It’s a good year to like Spider-Man… in some respects. Fans of Tom Holland’s portrayal will definitely call it a bad year, considering what happened to him in Infinity War (I’m still crying about it), and Venom was a strange blip, but, beyond that, it’s a good year. Sony just released a critically-acclaimed Spider-Man game for the Playstation 4, which fans love, and this month, Spider-Man: Into The Spider-Verse is gracing us with its presence. Since Spider-Man is my favorite superhero, and animation is my favorite medium of entertainment, this film captured my attention ever since the first teaser dropped last year. It’s safe to say I had a hard time keeping my expectations in check, but after walking out of the theater, they were somehow fulfilled. In fact, they were surpassed. I can say, without any reservations, that this film is excellent, especially for those who love Spider-Man, because it both pokes fun at the character and reaffirms why so many people love him, or, as is proven in this film, her, in some cases.
Unlike previous iterations, Spider-Man: Into the Spider-Verse’s plot focuses on how different versions of the web-slinger come together to save the day, instead of just plain old Peter Parker. The original is definitely in the film, but Spider-Verse really marks the big-screen debut for Penni Parker, Spider Ham, Spider Noir, Spider Woman (or, as she’s most recently been renamed, Ghost Spider, or Spider-Gwen), and, most importantly, Miles Morales, the protagonist. Despite all the fun new faces, Into The Spider-Verse is really Miles’ origin story, and the film portrays this by delving into what’s familiar and important about the character, but in new, clever, and sometimes heartbreaking ways. This results in an experience that’s familiar at first glance, but is unlike any other Spider-Man film ever put to screen, a perfect combination of beautiful animation and impactful storytelling.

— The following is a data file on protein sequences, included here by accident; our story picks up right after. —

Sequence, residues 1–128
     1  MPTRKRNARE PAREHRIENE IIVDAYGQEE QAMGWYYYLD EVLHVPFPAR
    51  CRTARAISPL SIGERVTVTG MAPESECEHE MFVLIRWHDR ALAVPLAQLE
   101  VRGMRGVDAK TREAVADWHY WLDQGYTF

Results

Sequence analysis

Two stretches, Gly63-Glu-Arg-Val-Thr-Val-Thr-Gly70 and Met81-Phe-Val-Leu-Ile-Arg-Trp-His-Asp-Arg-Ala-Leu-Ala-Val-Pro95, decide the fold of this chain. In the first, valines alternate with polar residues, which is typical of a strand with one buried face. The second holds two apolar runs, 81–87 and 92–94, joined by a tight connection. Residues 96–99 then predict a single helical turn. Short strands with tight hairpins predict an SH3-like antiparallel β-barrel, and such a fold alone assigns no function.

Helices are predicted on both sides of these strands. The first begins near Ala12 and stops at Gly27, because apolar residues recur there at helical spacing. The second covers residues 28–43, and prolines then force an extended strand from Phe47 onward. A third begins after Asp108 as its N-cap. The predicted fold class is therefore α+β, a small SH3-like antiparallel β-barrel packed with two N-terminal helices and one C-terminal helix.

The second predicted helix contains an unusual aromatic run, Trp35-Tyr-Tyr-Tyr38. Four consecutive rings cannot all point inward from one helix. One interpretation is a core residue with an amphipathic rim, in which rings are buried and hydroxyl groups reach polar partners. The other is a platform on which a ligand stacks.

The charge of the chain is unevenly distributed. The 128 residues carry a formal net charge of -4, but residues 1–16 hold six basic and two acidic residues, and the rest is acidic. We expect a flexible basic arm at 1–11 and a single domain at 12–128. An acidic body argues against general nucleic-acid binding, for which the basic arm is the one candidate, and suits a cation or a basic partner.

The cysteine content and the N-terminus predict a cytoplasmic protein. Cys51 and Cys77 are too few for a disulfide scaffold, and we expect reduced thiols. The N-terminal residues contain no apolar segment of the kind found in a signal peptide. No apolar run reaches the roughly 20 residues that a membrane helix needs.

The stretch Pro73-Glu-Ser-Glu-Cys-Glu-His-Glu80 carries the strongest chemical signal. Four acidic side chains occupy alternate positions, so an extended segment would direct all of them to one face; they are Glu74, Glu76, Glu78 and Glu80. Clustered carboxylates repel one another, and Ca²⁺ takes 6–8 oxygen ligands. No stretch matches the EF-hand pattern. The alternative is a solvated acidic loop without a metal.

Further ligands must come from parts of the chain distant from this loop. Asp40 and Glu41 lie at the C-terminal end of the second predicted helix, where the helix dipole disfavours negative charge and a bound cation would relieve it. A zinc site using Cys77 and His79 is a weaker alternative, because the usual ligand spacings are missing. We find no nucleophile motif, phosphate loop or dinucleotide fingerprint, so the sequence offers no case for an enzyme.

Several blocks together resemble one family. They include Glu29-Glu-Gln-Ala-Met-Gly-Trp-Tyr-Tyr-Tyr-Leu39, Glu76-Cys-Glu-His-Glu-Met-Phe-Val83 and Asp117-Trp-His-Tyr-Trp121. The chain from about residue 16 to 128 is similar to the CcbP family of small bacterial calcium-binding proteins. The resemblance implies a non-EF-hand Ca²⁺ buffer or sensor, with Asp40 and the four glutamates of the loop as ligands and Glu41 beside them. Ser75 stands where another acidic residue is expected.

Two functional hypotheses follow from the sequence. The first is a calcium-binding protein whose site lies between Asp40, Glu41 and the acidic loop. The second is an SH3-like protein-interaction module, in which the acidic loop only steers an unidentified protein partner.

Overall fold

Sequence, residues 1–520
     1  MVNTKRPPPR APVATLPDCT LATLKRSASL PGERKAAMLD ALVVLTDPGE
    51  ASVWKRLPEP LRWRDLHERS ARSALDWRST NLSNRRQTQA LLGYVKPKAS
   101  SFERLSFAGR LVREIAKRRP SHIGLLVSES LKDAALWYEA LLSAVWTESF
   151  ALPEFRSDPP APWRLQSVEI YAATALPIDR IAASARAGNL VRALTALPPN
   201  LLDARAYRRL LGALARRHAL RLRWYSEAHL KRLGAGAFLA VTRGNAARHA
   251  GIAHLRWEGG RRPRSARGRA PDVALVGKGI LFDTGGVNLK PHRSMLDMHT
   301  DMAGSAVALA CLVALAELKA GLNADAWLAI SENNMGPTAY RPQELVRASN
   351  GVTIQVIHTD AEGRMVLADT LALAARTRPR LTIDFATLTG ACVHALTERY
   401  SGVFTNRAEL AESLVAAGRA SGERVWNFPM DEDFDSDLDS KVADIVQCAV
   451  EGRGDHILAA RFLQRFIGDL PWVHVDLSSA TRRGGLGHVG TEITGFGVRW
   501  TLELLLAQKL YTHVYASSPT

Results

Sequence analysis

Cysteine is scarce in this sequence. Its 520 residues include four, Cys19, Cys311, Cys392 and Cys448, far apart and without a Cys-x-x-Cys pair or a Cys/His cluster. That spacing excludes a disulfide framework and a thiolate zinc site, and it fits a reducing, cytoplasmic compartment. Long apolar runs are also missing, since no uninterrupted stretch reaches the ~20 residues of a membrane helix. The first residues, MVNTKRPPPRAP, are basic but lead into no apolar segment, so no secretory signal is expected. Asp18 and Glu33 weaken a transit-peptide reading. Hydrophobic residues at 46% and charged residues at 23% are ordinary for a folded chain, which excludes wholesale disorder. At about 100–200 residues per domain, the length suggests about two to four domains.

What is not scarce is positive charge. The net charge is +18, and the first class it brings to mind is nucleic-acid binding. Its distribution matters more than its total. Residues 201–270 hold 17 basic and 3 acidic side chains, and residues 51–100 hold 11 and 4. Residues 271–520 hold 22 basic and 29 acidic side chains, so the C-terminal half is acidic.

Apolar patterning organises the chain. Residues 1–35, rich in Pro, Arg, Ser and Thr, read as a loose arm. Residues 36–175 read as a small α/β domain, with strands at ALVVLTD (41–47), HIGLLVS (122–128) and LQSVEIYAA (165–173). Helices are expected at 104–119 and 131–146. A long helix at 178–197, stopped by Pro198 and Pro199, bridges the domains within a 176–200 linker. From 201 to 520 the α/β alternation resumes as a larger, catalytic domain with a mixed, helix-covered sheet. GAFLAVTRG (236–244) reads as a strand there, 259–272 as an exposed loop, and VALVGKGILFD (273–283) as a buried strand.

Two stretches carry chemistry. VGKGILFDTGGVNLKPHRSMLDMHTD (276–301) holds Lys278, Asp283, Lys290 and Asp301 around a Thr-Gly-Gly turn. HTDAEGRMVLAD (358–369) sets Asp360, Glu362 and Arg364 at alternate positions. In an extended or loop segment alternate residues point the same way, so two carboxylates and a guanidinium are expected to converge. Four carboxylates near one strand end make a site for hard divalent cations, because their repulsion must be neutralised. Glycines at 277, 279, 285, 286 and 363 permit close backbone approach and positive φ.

The first thing that immediately stands out is the unique animation style, and I mean “unique” in a very literal sense. Into the Spider-Verse is, quite frankly, an innovative marvel of the medium, with explosive colors, fantastic shot composition, fast action and comedy, and a comic book aesthetic that adheres so closely to the conventions of comics it actually looks like a bunch of pictures have sprung to life. Every single frame of the movie could easily be used as someone’s desktop wallpaper, or could be mistaken for a piece of artwork. The character animation is also phenomenal. I don’t think I’ve ever seen such dexterous and emotive facial expressions in a 3D CGI animated film before, or a flexibility in style. I have to shower particular praise on how the film animated Penni Parker and Spider-Ham. These characters come from comics that mimic 2D animation styles, and you can tell, because they both look flatter than the characters that are more fully integrated into the 3D style. However, they still appear to fit into their environments, which I simply cannot believe they were able to pull off.
Another aspect of the presentation that is less conventional than most is the abundance of onomatopoeia and text boxes. These are used either to help the film transition between scenes, to emphasize internal monologues, or for comedic purposes. It works to help give the film much more of a comic book feel, and definitely contributed to some of the best comedic moments. I think my favorite example is when Miles tosses a bagel at a bad guy - the bagel hits the bad guy on the head, and the film emphasizes this by displaying the word “bagel” at the instant the thing collides with its target. The word itself is so tiny that it could almost be missed by the undiscerning eye, but it’s there for those who are really paying attention, as you should, considering how packed and detail-oriented the film’s writing is.